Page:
“Right now, we’re all looking forward to what we have in front of us on Saturday,” Fisher said.
It’s the same thing every single week, right?
As far as Florida State athletic director Stan Wilcox is concerned, “Winston’s status as a Florida State University student athlete remains unchanged.”
So does Florida State’s place in the BCS standings.
Three key factors led a Florida state attorney to conclude that he could not file a sexual assault charge against Florida State quarterback Jameis Winston.
Major lapses in the accuser's memory, her level of intoxication at the time of the incident and the presence of DNA from two different men in the woman's rape kit were the main reasons the state decided not to charge the Heisman Trophy favorite, State Attorney Willie Meggs said during a news conference Thursday.
To prove such a case, a prosecutor must be able to show a jury a convincing narrative of what happened. If the accuser cannot remember parts of the story, the prosecutor must have other witnesses who can provide the material. It was clear in Meggs' explanation that the other witnesses whom his staff interviewed did not plug the gaps in the accuser's story.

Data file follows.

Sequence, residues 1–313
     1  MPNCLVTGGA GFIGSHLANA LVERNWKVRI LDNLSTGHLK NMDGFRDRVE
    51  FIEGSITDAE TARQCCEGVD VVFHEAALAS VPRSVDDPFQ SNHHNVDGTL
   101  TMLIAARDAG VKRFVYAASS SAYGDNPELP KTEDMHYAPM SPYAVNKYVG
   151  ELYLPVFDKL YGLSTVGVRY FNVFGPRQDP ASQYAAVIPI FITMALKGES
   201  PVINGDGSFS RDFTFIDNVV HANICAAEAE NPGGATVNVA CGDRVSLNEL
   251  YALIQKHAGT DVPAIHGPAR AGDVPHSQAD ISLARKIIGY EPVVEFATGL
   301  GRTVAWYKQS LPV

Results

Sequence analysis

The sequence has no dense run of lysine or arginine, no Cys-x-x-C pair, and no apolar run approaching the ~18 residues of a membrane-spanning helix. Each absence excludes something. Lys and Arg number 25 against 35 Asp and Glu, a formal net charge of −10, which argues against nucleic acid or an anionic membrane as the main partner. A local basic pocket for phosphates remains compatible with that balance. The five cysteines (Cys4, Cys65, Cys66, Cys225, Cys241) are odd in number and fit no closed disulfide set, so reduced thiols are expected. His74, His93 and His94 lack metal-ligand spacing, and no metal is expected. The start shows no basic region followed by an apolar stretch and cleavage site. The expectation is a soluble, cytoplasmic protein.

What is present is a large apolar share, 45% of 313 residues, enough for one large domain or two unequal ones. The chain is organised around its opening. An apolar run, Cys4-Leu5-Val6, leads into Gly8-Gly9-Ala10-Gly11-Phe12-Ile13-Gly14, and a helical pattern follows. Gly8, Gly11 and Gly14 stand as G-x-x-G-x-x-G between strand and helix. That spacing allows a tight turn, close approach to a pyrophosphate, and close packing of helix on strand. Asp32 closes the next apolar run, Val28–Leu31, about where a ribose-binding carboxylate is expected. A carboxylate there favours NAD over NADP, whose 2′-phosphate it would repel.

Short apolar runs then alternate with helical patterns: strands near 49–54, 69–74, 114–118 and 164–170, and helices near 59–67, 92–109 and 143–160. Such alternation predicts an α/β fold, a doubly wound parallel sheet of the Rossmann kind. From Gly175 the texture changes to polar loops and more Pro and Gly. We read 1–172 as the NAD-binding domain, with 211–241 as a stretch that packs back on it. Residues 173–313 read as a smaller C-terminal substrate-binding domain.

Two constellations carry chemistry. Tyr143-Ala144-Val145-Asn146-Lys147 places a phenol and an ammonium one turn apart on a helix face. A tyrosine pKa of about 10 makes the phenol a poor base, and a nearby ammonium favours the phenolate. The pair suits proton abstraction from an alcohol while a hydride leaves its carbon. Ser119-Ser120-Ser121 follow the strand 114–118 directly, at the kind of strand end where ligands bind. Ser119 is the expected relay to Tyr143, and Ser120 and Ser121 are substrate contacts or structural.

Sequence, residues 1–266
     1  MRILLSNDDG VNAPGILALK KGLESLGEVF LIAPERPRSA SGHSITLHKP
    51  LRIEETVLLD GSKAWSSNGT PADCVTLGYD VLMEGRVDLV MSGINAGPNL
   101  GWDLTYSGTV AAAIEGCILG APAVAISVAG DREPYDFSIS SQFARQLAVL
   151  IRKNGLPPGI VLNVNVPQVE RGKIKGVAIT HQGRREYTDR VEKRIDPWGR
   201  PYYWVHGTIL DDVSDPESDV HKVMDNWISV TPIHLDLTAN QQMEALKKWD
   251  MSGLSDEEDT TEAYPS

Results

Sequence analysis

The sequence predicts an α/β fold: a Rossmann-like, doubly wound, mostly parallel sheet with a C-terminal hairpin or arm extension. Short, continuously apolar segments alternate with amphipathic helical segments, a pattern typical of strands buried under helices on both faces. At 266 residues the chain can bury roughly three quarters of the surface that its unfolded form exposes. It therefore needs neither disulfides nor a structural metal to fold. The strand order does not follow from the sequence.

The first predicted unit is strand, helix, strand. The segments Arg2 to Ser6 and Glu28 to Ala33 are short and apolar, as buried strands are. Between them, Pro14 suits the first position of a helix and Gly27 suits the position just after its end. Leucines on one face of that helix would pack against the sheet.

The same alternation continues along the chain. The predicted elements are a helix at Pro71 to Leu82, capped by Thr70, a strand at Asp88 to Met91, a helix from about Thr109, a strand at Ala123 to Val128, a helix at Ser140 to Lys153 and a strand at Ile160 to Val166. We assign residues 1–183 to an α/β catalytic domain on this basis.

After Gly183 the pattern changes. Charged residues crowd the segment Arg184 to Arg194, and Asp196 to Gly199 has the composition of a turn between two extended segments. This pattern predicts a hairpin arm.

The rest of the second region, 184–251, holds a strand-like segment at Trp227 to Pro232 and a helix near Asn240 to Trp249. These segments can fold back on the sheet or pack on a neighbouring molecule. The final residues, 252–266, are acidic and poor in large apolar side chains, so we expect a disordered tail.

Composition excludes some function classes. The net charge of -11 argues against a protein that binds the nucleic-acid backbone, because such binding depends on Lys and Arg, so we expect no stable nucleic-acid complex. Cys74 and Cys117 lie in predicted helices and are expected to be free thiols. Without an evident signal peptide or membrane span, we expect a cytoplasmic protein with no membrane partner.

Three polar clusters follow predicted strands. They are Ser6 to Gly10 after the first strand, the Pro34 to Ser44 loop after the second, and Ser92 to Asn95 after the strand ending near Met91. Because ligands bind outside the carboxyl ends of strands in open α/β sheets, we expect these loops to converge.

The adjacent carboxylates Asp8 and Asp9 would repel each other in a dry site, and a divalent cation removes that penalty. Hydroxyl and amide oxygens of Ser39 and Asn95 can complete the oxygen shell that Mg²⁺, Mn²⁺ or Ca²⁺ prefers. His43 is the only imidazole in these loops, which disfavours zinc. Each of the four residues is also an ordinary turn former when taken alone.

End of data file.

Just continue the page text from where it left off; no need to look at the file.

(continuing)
Several times during his news conference, Meggs referred to her memory gaps about what happened on Dec. 7, 2012. "She was not sure about a lot of things," Meggs said.
Although Meggs refused to speculate why, he did point to an analysis of a blood-alcohol test taken several hours after the alleged attack that showed that her blood-alcohol content at the time of the incident could have been 0.10 percent, even though when it was taken the test registered a 0.04 reading. The 0.10 reading would have been higher than the 0.08 legal limit for driving.
The clear implication of Meggs' use of the extrapolated blood alcohol levels was to show that the accuser may have been in the brownout or blackout stage of intoxication, a probable cause of the memory gaps.
ESPN legal analyst Lester Munson and ACC reporter Andrea Adelson react to the news that Florida State quarterback Jameis Winston will not be changed with a crime.
The decision by Florida prosecutors not to press sexual assault charges against Florida State quarterback Jameis Winston has financial ramifications for Winston and his school.
State Attorney Willie Meggs said Thursday that no charges would be filed against Winston, 19, who was accused of raping a female student in December 2012. Meggs said there was not enough evidence for anyone to be charged.